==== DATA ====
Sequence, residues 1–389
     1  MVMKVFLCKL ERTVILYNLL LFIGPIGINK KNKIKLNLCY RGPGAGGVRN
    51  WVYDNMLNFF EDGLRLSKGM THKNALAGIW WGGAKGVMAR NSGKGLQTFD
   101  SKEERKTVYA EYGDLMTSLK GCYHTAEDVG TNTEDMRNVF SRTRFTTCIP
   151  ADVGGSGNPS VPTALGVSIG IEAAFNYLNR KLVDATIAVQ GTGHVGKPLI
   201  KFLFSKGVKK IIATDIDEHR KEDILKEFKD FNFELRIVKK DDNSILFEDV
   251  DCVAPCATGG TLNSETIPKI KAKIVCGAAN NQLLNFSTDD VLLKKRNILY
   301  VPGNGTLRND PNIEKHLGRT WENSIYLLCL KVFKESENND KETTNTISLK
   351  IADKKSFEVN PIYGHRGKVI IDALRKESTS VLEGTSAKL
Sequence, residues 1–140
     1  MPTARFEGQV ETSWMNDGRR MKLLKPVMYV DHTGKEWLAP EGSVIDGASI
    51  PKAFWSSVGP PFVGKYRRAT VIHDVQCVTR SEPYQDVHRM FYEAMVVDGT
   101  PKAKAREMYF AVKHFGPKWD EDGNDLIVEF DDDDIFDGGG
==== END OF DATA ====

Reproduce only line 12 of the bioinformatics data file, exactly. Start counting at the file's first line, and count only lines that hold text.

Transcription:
    51  PKAFWSSVGP PFVGKYRRAT VIHDVQCVTR SEPYQDVHRM FYEAMVVDGT